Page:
In response to Gilbert, Congress enacted the PDA, which amended Title VII to provide that discrimination "because of sex" or "on the basis of sex" includes preg nancy-based conditions:
The terms "because of sex" or "on the basis of sex" in clude, but are not limited to, because of or on the basis of pregnancy, childbirth, or related medical conditions; and women affected by pregnancy, childbirth, or related medical conditions shall be treated the same for all employment-related purposes, including receipt of ben efits under fringe benefit programs, as other persons not so affected but similar in their ability or inability to work, and nothing in [42 U.S.C.] 2000e-2(h) * * * shall be interpreted to permit otherwise.
42 U.S.C. 2000e(k). The PDA became effective on October 31, 1978-the date of its enactment-except that its provi sions explicitly did "not apply to any fringe benefit program or fund, or insurance program which is in effect on the date of enactment of this Act until 180 days after enactment of this Act." § 2(b), 92 Stat. 2076.
2. As early as 1914, petitioner and its corporate prede cessors used a service crediting system that, for purposes of pension and other benefits, relied on an employee's con tinuous employment in company service. J.A. 38-39 (¶ 17). To calculate continuous employment, petitioner and its pre decessors used a "Net Credited Service" (NCS) date that is an employee's initial date of hire adjusted forward in time to exclude periods for which no service credit accrued. J.A. 39 (¶ 18). An earlier NCS date puts an employee in a supe rior position for service-related determinations such as job bidding, vacation time, and retirement benefits. Pet. App. 4a.
Before August 7, 1977, petitioner and its relevant prede cessor company, Pacific Telephone & Telegraph (PT&T), classified pregnancy as personal leave. An employee on personal leave received a maximum of 30 days' NCS credit, while there was no limit on the amount of NCS credit for employees on temporary disability leave. J.A. 47-48 (¶¶ 66- 68). On August 7, 1977, PT&T extended the maximum NCS credit for pregnancy to 30 days before delivery and up to six weeks after delivery. J.A. 48-49 (¶¶ 70-71). On April 29, 1979, the date the PDA became effective for fringe ben efits and insurance programs, PT&T began to provide ser vice credit for pregnancy leave on the same terms as for other temporary disability leave. PT&T made no adjust ments, however, to the existing NCS dates of female em ployees who had taken pregnancy leave before April 29, 1979. J.A. 50 (¶ 79).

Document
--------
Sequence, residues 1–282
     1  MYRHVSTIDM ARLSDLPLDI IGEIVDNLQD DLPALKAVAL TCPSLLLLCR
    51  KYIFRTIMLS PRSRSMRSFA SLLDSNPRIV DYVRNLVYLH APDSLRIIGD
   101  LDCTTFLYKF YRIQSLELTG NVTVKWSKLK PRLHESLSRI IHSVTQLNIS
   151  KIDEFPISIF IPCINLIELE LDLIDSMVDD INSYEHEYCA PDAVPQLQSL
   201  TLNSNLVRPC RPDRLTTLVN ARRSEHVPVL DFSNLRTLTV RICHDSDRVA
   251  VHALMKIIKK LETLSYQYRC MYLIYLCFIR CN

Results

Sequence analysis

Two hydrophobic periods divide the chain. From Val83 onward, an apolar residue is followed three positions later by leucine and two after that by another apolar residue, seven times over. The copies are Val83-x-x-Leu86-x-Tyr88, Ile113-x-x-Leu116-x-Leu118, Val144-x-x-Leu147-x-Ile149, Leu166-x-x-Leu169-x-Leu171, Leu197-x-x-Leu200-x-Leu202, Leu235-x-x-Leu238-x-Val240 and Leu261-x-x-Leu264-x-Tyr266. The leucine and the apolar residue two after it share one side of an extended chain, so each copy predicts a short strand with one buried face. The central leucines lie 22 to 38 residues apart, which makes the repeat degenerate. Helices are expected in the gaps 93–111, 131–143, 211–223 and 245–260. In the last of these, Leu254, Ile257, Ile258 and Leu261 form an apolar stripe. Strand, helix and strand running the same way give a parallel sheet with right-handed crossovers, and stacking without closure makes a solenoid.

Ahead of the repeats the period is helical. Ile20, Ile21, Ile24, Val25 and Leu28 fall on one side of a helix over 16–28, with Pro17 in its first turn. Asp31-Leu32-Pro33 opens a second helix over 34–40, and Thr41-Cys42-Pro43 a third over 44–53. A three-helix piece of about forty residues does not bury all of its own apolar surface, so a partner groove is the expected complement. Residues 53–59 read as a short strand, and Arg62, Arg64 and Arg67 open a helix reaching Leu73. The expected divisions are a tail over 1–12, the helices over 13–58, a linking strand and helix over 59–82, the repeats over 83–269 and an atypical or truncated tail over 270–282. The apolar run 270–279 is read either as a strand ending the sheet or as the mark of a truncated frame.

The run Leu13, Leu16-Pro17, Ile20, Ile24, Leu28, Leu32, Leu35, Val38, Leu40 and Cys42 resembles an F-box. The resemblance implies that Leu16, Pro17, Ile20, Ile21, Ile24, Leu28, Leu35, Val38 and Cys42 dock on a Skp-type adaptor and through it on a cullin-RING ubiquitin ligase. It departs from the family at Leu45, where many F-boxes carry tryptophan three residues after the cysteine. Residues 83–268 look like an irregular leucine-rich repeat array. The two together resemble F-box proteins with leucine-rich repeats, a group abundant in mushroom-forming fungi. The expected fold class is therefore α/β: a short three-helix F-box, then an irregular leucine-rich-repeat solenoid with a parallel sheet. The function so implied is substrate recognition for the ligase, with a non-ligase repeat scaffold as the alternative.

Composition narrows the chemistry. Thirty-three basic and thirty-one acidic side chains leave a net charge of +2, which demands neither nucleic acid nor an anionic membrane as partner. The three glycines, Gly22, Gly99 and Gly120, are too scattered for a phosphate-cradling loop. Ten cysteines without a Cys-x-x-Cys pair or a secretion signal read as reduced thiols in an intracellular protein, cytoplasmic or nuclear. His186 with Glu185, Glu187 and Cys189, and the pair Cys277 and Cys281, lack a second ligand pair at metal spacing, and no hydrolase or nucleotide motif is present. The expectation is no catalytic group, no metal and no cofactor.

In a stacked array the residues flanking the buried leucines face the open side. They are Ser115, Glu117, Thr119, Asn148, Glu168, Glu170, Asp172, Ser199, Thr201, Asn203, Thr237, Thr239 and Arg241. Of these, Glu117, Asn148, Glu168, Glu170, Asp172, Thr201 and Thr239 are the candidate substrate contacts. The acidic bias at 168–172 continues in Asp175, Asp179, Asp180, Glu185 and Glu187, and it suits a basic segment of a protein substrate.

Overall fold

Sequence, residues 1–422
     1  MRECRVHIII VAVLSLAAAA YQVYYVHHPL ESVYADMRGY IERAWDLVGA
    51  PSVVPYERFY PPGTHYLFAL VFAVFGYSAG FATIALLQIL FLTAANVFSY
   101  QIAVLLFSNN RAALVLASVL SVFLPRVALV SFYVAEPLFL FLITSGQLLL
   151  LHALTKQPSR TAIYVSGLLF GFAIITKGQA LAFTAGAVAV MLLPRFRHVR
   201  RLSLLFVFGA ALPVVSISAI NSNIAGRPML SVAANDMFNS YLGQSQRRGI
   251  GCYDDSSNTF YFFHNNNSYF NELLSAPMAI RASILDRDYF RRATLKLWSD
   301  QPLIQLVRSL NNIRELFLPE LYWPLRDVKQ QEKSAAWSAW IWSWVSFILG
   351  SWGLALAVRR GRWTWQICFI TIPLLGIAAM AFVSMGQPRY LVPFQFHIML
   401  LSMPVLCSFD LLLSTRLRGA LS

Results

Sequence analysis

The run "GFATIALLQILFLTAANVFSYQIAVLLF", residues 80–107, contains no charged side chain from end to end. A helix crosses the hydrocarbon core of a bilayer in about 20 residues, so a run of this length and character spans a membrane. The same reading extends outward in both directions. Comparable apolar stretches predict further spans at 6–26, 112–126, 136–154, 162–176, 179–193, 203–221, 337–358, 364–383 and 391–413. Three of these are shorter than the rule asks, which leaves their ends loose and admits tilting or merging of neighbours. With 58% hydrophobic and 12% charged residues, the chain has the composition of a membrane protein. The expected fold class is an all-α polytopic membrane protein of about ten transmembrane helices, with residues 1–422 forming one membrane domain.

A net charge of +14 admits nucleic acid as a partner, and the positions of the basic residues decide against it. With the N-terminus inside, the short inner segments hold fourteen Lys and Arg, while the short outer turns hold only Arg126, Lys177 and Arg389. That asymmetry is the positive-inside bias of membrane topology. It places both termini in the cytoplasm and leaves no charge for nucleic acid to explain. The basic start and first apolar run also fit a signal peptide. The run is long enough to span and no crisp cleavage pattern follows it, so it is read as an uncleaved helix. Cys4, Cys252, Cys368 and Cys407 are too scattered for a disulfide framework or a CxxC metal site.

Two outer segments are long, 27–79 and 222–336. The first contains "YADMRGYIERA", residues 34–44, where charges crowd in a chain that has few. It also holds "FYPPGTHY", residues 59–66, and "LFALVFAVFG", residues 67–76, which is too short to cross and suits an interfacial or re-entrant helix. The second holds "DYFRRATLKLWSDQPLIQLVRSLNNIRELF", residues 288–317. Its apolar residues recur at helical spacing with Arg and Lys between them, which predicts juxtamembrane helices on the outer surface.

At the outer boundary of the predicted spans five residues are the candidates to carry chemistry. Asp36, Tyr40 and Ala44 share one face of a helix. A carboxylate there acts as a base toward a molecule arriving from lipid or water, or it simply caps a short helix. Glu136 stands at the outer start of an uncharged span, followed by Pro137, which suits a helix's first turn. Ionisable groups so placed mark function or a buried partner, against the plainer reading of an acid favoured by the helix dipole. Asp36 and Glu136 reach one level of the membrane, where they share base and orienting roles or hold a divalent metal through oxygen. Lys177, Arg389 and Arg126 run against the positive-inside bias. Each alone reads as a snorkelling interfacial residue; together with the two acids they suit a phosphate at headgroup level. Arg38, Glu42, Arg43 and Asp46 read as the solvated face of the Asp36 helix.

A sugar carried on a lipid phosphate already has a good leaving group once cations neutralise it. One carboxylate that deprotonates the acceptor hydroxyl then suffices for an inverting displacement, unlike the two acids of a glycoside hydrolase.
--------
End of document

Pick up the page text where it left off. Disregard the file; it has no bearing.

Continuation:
3. Respondents are past or present employees of peti tioner who took pregnancy leaves before April 29, 1979, while employed by PT&T. J.A. 36, 40, 42, 44, 45 (¶¶ 1, 2, 25, 35-38, 48, 57). When respondents returned from pregnancy leaves, PT&T adjusted their NCS date forward to reflect that a portion of their leave was not entitled to service credit. Those adjustments were made before the PDA be came effective. J.A. 41-45 (¶¶ 28, 37, 39, 50, 59). From 1994 to 2000, three of the individual respondents were involun tarily terminated or retired pursuant to a voluntary in centive/termination offer. J.A. 41-43, 46 (¶¶ 33, 44, 45, 64). Their adjusted NCS dates were used to calculate pension and other benefits. J.A. 42, 43-44, 46 (¶¶ 34, 46, 64). The fourth individual respondent is a current employee. Pet. App. 5a.
None of the respondents filed a charge of discrimination with the EEOC within 300 days of their pregnancy leaves or of the effective date of the PDA. J.A. 55 (¶ 98). Instead, they filed charges with the EEOC between 1994 and 2002-more than 15 years after the PDA took effect-when they applied for pension benefits and their benefits were calculated using their NCS date. Pet. App. 6a; J.A. 54 & n.4 (¶ 93). Respondent Communications Workers of America, the collective bargaining representative for most of peti tioner's non-management employees, also filed a charge during this period. Pet. App. 6a & n.2; J.A. 55 (¶ 95).
The EEOC found reasonable cause to believe that peti tioner had discriminated against respondent Hulteen and a class of similarly situated female employees by refusing to give them full service credit for pre-PDA pregnancy-re lated leaves and issued a right to sue notice. Pet. App. 6a; J.A. 54-55 (¶¶ 94, 96). Respondents then filed suit in dis trict court, seeking relief on their own behalf and on behalf of other similarly situated employees. Pet. App. 100a; J.A. 55 (¶ 96). They alleged that the failure to credit them with time they were on disability leave due to pregnancy vio lated, inter alia, Title VII. Pet. App. 99a-100a.